NFS Storage for Linux-KVM
This article describes steps to configure NFS shared storage to get it working with your Platform9 Managed OpenStack (PMO) private cloud.
By default, PMO assumes certain locations on your linux server for storage of virtual machine data and image catalog data. However, you can customize these locations to better suit your environment.
Steps to Perform On the NFS Server
Follow the steps given below to configure the NFS server to customize the locations for virtual machine data and image catalog data.
Step 1 - Create and Export Shared Directories
Create two separate directories, one for virtual machine storage and another for image catalog storage. Let us assume that you want to create the directories, instances and imagelibrary for virtual machine storage and image catalog storage respectively. Run the following commands to create instances and imagelibrary directories under the /pf9 directory on your NFS server.
mkdir -p /pf9/instances mkdir /pf9/imagelibrary
Modify /etc/exports to export these directories with appropriate permissions.
echo "/pf9 10.0.0.0/8(rw,no_root_squash)" > /etc/exports #Restart NFS and export all directories. service nfs restart exportfs -a
For more information on setting up NFS server on CentOS, refer to Setting up an NFS Server on CentOS.
Step 2 - Configure Iptables
Configure iptables and open appropriate NFS port to allow NFS traffic.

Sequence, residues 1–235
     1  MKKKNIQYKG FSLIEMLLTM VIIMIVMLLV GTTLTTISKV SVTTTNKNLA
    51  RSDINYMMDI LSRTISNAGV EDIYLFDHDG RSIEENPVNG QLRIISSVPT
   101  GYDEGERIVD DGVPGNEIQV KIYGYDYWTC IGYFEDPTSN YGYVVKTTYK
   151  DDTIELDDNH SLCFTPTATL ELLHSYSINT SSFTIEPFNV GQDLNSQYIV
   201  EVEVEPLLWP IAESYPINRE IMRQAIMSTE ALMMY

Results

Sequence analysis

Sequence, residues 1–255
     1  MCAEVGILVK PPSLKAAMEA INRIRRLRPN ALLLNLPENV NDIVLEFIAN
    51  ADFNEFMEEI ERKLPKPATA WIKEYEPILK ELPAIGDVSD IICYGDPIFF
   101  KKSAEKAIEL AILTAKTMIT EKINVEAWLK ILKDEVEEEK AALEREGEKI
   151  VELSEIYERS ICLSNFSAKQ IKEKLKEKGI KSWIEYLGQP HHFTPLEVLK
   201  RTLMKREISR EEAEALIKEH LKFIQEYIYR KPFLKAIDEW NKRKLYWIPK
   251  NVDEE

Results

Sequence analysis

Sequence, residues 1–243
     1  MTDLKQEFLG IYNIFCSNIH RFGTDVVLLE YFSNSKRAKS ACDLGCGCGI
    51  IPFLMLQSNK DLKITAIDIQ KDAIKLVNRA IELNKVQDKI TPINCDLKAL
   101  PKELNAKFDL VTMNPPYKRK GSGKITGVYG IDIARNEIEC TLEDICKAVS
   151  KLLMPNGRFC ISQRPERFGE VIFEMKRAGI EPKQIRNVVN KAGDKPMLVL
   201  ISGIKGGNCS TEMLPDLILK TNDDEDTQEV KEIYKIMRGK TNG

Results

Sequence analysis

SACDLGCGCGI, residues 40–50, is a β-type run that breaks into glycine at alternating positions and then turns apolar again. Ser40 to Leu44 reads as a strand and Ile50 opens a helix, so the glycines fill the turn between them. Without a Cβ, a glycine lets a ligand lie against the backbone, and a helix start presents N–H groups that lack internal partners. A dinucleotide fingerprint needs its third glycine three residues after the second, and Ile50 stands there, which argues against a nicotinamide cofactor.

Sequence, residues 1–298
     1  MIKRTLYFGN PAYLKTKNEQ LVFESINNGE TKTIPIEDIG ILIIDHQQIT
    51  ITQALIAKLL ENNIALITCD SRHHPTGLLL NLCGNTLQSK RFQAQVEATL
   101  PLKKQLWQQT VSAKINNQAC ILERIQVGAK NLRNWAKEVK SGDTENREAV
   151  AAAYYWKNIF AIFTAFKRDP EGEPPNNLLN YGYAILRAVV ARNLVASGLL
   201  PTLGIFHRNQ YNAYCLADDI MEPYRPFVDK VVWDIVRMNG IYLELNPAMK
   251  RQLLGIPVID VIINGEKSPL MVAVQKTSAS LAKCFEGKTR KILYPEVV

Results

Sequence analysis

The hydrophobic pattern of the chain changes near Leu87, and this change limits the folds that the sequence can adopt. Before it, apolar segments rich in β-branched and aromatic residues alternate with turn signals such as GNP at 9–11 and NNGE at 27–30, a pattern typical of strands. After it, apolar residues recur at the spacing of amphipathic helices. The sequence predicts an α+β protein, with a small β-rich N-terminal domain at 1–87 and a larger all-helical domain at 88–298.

iptables -I INPUT -p tcp --dport 2049 -j ACCEPT
Steps to Perform On the Physical Servers to Be Added to Platform9 Managed OpenStack
The following steps must be performed on the physical servers or hosts that you wish to add to Platform9 Managed OpenStack.
Step 1 - Create User And Group
On each server that you plan to add to Platform9, create a pf9 user, a pf9group group with pf9 user being part of pf9group group. Make sure that the user and group have exact same UID and GIDs across all servers being added to Platform9. This step is critical for Platform9 to be able to register a virtual machine from one physical server to another. Suppose you would like to assign UID 1024 to pf9 user and GID 500 to pf9group group.
groupadd --gid 500 pf9group adduser --comment "The Platform9 user" --gid 500 --uid 1024 pf9
addgroup --gid 500 pf9group adduser --disabled-password --gecos "Platform9" --uid 1024 pf9 adduser pf9 pf9group
Step 2 - Mount NFS Directory for Virtual Machine Storage
Let us assume that your NFS server IP address is 10.1.1.1. On each Linux Server to be added to Platform9, mount the NFS directory that will store data for virtual machines. Suppose you would like to mount it to /mnt/nfs/instances.
mkdir -p /mnt/nfs/instances mount 10.1.1.1:/pf9/hosts /mnt/nfs/instances
Note: If using nfsvers=3 in above mount command, please also disable file locking using option ‘-o nolock’.
Step 3 - Mount NFS Directory for Image Catalog Storage
In addition, on the Linux server that will also host image catalog, mount the NFS directory that will store data for image catalog. Suppose you would like to mount it to /mnt/nfs/imagelibrary.
mkdir -p /mnt/nfs/imagelibrary mount 10.1.10.1:/pf9/imagelibrary /mnt/nfs/imagelibrary
Step 4 - Change Owner of Virtual Machine Storage and Image Catalog Storage
Now, change the owner of the virtual machine storage and the image catalog storage to pf9 user, by using the chown command.
chown -R pf9:pf9group /mnt/nfs/instances chown -R pf9:pf9group /mnt/nfs/imagelibrary
You are now ready to add these servers to Platform9. During authorization of the servers, you can customize the location of virtual machine and image catalog storage and specify the NFS directories like we just configured above.
At this point, you can start using your NFS shared storage with your Platform9 Managed OpenStack private cloud.
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